Longtime readers and listeners of The Flip have heard me talk about our endeavor to aggregate and disseminate contextually relevant insights. While I knew some elements of Silicon Valley-style startup dogma didn’t apply to African markets, the work became interrogating what did apply. And increasingly, what did apply from other, non-western markets too.
To that end, I was excited to see a recent comment from Stripe Co-founder and CEO Patrick Collison, I suspect that staying abreast of important new patterns emerging outside US/Europe will become more important for many businesses in the years ahead…
Stripe recently launched payment links, simplifying “the process of building a payment page by allowing businesses to generate a custom checkout page directly from their Stripe Dashboard, without needing a website, app, or any coding skills”. As it was launched Patrick shared a post on Hacker News,
Paystack launched payment pages in 2016, in response to customer feedback from merchants who wished to use Paystack without involving a developer, and last year they launched product links as a part of their wider Paystack Commerce toolkit. Flutterwave, of course, has similar features, whereas startups like Stax offer payment links for mobile money, automating USSD behind the scenes.
I hope to see Africa discussed less as a “final frontier” consumer market and more as a place from which the rest of the world can learn.
Fortunately, when Patrick Collison has something to say, lots of people listen!
A second thought related to payment links, which are linked (pun intended) to social commerce – I was reminded this week that social commerce is much more than just selling goods (and collecting payments) via social media.
I believe these models, pioneered in China and (perhaps to a lesser extent) India, have merit in African markets – last year, I teamed up with Future Hub to publish Pinduoduo and the social commerce opportunity – and I think it’s increasingly important to look at these businesses with the nuance they require.
But these business models also have requisite conditions, as Stephen argues.
I read a related article this past week, entitled The A/B Sides of the Internet, which gives us greater insight into the approach that Chinese entrepreneurs take to startup strategy. The piece borrows thoughts from Wang Huiwen, a co-founder of Meituan, on segmenting Internet companies into two categories: one that supplies and fulfills online (the A-side) – e.g., social media, chat, and gaming – and the other that supplies and fulfills offline (the B-side) – e.g., ecommerce, ride hailing and food delivery.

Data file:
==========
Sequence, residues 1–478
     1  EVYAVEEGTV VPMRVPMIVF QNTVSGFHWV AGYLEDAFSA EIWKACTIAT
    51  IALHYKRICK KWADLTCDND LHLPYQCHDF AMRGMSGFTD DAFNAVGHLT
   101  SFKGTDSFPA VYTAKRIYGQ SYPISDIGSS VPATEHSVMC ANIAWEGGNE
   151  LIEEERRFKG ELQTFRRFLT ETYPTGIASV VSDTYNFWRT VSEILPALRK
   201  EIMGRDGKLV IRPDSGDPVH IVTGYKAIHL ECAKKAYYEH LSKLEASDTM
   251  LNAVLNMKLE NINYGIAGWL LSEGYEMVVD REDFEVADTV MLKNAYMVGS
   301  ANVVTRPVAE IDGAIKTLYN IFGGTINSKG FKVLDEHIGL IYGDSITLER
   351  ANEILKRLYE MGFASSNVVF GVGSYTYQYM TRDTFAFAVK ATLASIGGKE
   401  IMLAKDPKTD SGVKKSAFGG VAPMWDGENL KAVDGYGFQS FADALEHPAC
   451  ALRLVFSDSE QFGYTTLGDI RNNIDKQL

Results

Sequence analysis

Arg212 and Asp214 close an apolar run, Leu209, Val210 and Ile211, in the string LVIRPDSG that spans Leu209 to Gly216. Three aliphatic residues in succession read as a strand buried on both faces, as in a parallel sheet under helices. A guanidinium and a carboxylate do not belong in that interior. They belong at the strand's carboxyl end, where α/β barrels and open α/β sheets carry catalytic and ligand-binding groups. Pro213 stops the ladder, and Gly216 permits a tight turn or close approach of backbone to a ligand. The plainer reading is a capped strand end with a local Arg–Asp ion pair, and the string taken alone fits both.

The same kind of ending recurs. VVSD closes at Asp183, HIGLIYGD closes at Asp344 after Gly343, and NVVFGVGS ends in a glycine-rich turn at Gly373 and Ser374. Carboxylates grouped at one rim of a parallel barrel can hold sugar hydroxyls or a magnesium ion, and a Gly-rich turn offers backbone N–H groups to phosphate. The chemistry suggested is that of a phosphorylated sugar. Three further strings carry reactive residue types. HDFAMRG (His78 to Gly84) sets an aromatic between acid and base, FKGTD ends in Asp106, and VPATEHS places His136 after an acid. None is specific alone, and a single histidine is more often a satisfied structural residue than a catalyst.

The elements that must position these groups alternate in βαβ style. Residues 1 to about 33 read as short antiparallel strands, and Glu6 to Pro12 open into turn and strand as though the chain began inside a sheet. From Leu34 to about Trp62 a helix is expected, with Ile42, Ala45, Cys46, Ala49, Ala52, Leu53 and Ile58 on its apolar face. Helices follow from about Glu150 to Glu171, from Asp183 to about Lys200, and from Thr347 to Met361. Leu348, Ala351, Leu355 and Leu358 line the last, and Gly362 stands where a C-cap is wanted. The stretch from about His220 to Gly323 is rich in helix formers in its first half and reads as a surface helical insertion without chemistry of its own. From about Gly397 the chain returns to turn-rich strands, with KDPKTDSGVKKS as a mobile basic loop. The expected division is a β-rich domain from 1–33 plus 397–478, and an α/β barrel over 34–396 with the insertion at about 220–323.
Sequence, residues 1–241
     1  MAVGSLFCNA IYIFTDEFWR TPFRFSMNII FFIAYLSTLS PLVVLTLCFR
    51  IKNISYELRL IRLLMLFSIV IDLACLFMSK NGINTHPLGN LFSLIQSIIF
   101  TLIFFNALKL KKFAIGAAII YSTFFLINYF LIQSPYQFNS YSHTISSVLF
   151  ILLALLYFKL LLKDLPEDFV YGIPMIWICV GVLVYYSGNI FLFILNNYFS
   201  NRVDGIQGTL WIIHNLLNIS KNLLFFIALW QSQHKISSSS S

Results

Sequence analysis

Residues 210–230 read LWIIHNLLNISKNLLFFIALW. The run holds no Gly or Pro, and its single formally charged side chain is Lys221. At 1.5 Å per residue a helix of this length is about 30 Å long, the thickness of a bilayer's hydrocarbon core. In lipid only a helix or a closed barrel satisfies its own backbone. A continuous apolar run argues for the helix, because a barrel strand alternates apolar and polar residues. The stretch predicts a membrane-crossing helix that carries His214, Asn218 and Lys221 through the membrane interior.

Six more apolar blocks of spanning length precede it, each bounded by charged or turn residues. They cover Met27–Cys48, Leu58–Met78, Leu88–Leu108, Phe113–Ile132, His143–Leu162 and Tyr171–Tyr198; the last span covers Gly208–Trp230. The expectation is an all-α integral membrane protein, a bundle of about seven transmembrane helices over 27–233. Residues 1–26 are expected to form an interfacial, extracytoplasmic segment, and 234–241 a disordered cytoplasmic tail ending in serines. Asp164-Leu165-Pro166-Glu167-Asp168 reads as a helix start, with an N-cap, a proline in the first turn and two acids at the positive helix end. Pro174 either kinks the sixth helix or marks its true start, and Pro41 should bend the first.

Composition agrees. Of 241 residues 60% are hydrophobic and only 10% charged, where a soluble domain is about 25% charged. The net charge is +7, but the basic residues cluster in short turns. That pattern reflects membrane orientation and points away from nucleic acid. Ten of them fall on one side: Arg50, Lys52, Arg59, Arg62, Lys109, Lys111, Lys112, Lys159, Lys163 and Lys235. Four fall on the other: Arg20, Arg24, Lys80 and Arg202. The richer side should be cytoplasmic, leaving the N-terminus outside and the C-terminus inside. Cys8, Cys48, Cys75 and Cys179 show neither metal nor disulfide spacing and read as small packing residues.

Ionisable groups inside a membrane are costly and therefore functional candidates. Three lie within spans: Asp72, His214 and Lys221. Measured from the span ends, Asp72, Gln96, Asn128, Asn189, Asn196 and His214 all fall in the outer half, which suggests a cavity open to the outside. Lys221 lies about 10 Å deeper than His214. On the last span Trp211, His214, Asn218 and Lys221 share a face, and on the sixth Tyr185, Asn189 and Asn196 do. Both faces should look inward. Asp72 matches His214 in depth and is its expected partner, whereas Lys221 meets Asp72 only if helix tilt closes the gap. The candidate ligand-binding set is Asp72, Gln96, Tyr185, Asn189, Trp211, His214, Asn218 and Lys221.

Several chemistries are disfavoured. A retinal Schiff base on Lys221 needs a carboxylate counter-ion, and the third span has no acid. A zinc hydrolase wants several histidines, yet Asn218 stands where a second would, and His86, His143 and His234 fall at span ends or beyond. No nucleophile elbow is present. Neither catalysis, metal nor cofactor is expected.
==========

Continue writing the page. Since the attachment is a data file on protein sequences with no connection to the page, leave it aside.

The B-side is then broken down further:
The author argues that each category of companies require entirely different core competencies, infrastructure, product strategies, and even talent.
For A-side, where supply and fulfillment are conducted online, the core competencies of the company lie in product design, understanding the users, and managing communication, socialisation and content… For B1, the company’s core competencies lie in understanding SKUs, understanding the supply chain, and understanding pricing… For B2, if you were to inventory B2 companies, you’d notice a remarkable commonality among them – a large offline team. Having a large offline team is one of the biggest differences between B1 and B2 companies…
The infrastructure for [ecommerce company] Taobao is logistics and payments, whereas for location-based services (LBS) – food delivery, bike-sharing, ride-hailing, restaurant reviews, etc. – the core infrastructure is maps and location-tracking devices.
The development of China’s Internet sector is framed as an evolution from A to B1 to B2. Looking through this paradigm, I think the African ecosystem is largely in the A and B1 stage of development.
But as ever, drawing inspiration from outside ecosystems requires contextualization. The above-mentioned article discusses some benefits Chinese companies have – including labor cost, population density (which is especially pertinent for B2 companies), and population size.
And other benefits it doesn’t mention, which African companies cannot (yet) take for granted, include proximity to manufacturers (in the case of ecommerce), cheap data costs, digital payments ubiquity, and increased consumer comfortability with transacting online.
Like Patrick Collison, we’ll continue to look around the world for new patterns – I think there’s a lot to learn from China – and we’ll do so critically.
See you next week,